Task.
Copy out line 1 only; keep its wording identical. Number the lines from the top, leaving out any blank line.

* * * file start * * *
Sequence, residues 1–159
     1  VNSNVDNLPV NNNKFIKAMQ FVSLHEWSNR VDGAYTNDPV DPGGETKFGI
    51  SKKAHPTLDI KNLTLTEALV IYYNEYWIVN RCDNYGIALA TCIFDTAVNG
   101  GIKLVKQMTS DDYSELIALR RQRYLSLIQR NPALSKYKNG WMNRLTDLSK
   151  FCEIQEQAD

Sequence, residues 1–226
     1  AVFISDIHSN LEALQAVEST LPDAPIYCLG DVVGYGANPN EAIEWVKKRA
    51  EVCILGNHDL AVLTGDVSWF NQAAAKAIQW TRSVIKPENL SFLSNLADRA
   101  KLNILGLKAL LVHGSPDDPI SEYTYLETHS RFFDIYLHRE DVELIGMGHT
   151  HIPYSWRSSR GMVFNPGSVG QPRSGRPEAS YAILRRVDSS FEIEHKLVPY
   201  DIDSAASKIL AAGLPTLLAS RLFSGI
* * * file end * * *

Sequence, residues 1–159